92. 132. <ul><li>Squalene synthase catalyzes the NADPH-dependent conversion of two molecules of farnesyl pyrophosphate to squalene . </li></ul><ul><li>Squalene is converted to squalene 2,3-epoxide by an NADPH-dependent monooxygenase. </li></ul><ul><li>A cyclase catalyzes the cyclization of squalene to form lanosterol, which also is a precursor for the synthesis of vitamin D. </li></ul>
  93. 135. Lanosterol is converted to cholesterol by a series of reactions that result in the removal of three methyl groups and rearrangement of double bonds
  94. 137. Esterification of cholesterol <ul><li>The bulk of the cholesterol in tissues and approximately 65% of plasma cholesterol is esterified with long-chain fatty acids at C-3. </li></ul><ul><li>The synthesis of cellular cholesterol ester requires ATP to form fatty acyl CoA derivatives, which are then transferred to the 3-  -hydroxyl group of cholesterol. </li></ul><ul><li>Cholesterol associated with plasma lipoproteins can be esterified by lecithin:cholesterol acyltransferase . </li></ul><ul><li>Phosphatidylcholine + Cholesterol -> Lysophosphatidylcholine + Cholesterol fatty acyl ester </li></ul>
  95. 139. Bile acids <ul><li>Bile acids are synthesized from cholesterol in the liver and stored in the gallbladder. </li></ul><ul><li>Enterohepatic circulation </li></ul><ul><ul><li>After release of bile acids from storage in the gallbladder to the intestine, the two primary bile acids—cholic and chenodeoxycholic—are converted in part to the secondary bile acids—deoxycholate and lithocholate—by intestinal bacteria. </li></ul></ul><ul><ul><li>In the intestine, both primary and secondary bile acids are deconjugated, reab-sorbed by the intestinal mucosa, and returned to the liver bound to serum albumin via the portal vein. </li></ul></ul><ul><ul><li>The liver takes up the bile acids, reconjugates them with taurine or glycine, and secretes them in the bile. </li></ul></ul>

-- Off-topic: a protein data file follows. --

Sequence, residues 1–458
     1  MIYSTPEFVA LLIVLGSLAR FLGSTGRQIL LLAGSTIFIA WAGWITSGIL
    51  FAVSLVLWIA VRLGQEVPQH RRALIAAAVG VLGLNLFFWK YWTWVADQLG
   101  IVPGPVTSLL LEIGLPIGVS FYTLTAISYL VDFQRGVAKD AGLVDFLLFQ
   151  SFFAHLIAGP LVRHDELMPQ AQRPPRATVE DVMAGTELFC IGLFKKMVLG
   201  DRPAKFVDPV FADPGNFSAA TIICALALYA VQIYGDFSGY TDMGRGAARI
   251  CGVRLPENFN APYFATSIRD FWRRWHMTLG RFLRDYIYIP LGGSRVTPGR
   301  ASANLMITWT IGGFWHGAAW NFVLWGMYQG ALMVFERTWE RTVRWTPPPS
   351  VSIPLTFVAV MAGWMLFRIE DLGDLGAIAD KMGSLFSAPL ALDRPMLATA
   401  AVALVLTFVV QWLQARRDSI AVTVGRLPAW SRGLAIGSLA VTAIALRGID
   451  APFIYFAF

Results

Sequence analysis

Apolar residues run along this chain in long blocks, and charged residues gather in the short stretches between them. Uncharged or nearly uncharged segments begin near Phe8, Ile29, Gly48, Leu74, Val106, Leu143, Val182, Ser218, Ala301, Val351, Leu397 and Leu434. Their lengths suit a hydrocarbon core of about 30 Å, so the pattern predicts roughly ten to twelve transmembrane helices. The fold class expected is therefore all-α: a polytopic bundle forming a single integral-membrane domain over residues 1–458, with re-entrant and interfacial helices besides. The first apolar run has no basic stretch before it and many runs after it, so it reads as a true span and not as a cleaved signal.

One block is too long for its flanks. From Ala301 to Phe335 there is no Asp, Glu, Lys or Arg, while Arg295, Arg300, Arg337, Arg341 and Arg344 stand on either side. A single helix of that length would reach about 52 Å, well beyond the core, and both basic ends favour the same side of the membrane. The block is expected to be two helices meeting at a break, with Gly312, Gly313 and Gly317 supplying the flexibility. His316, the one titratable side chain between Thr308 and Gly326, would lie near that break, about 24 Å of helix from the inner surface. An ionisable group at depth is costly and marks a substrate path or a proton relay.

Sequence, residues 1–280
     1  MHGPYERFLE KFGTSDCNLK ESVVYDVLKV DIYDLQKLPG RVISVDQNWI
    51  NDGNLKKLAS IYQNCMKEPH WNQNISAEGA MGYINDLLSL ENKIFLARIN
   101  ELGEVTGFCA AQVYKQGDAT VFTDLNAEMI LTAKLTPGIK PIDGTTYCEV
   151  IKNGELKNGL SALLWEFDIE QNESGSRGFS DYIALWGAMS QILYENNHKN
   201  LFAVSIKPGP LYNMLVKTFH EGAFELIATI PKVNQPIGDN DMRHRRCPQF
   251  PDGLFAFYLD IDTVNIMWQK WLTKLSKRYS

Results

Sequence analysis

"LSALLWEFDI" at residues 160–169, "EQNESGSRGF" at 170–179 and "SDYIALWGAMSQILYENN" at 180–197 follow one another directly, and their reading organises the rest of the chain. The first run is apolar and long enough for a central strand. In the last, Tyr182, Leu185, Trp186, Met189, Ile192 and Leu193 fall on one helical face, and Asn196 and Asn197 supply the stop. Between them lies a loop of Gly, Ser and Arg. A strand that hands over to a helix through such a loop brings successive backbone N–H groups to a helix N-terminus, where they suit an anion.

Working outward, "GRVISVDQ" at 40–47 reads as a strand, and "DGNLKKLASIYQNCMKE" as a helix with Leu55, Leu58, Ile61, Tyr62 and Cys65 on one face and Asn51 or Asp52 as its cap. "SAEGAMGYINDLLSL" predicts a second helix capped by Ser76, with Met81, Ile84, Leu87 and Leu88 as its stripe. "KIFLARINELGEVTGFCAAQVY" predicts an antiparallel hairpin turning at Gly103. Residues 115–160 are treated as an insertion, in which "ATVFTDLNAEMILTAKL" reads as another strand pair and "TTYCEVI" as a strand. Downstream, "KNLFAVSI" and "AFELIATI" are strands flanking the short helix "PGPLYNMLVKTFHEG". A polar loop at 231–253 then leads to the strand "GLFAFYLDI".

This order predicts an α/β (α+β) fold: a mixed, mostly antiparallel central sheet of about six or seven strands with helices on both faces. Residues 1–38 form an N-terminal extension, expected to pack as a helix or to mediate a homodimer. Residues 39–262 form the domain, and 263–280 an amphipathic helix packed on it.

96. 142. <ul><li>Secretion of bile into the intestine is the main route for the excretion of cholesterol because the steroid nucleus cannot be oxidized to carbon dioxide and water by human tissues. </li></ul><ul><li>Solubility of cholesterol in bile </li></ul><ul><ul><li>Bile contains a considerable amount of cholesterol, which would be insoluble except for its association with bile salts and phospholipids (chiefly phosphatidylcholine). </li></ul></ul><ul><ul><li>Despite the presence of these solubilizing agents, an increased concentration of cholesterol in the bile can lead to the formation of gallstones in the gallbladder or duct. These are formed if cholesterol is precipitated out of solution around a core of protein and bilirubin, which is a condition known as cholelithiasis. </li></ul></ul>